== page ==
Raised under modest conditions, her father was a city worker, and her mother was a housewife. Encouraged after high school, Prophet enrolled in the renowned Rhode Island School of Design, working as a domestic to pay her tuition. Nancy Elizabeth Prophet
In 1922, with financial assistance from Gertrude Vanderbilt Whitney, Prophet went to Paris to study. While there, the artist Henry O. Tanner was impressed by her work, and he recommended her for the Harmon Foundation Prize, which she won. Nancy Elizabeth Prophet
Still, the Harlem Renaissance artist felt the pangs of racism when she was blatantly denied the opportunity to stand with her work at New York art showings. Curators told her that her Black and Indian appearance was "socially unacceptable." Nancy Elizabeth Prophet
Prophet moved to Atlanta in 1932 to teach art at Atlanta University and Spelman College. Unfortunately, she still suffered because of the racism of Southern art moguls. She was marginalized and could not show her work. Nancy Elizabeth Prophet
She returned to Rhode Island in 1945. The persistent lack of contacts in her field forced her to give up her art. Prophet returned to work as a domestic. Prophet died in 1960 in poverty and obscurity. Nancy Elizabeth Prophet
At age three, Hurston’s family moved to Eatonville, FL, the first incorporated Black community in America. Her father served as the community’s mayor. In her writings, she would glorify Eatonville as a utopia where Black Americans could avoid the prejudices of White society. Zora Neale Hurston—Writer (1891-1960)
Hurston was a utopian, who believed Black Americans could attain sovereignty from White American society and bigotry, as demonstrated in her hometown of Eatonville. Never in her works did she address the issue of racism, an emerging theme among Black writers in the post-World War II era. Zora Neale Hurston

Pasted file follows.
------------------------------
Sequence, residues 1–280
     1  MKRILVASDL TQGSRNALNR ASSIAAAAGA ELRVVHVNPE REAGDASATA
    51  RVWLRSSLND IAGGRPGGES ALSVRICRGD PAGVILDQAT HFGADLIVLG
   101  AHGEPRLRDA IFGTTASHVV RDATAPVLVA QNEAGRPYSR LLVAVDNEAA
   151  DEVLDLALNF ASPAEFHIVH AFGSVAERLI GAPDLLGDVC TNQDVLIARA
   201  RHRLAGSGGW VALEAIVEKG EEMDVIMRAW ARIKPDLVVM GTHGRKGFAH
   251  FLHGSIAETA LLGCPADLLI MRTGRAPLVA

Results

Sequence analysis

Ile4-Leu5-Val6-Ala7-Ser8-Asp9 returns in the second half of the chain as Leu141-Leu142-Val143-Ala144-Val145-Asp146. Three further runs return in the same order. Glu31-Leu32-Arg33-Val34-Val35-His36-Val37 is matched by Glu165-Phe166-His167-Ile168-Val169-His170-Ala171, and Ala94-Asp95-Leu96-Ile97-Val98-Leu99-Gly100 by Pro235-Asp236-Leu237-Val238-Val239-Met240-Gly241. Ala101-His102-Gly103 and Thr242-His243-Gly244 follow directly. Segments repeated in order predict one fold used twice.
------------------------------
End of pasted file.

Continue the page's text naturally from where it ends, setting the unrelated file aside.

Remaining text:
Hurston published poetry, short stories, novels, and an autobiography. Her 1937 novel, Their Eyes Were Watching God, a coming of age story of an independent Black woman, initially met with mixed reviews. Zora Neale Hurston
Hurston's literary influence faded. She died in poverty and obscurity. In 1972, Alice Walker wrote an article in Ms. magazine, “In Search of Zora Neale Hurston.” The article triggered a reprinting of the book, and it is now a highly acclaimed novel. Zora Neale Hurston
“Sometimes, I feel discriminated against, but it does not make me angry. It merely astonishes me. How can any deny themselves the pleasure of my company? It’s beyond me.” — Zora Neale Hurston Courtesy Library of Congress
Photo courtesy of the Schomburg Center for Research in Black Culture Georgia Douglas Johnson—Writer (1880-1966)
Johnson was born in Georgia to parents of African American, Native American, and English descent. She graduated from Atlanta University Normal College and studied music at the Oberlin Conservatory and the Cleveland College of Music. Georgia Douglas Johnson
After graduation, she taught and worked as an assistant principal. She moved to Washington, D.C. in 1910. When her husband died in 1925, she supported her two sons by working temporary jobs until she was hired by the Department of Labor. Georgia Douglas Johnson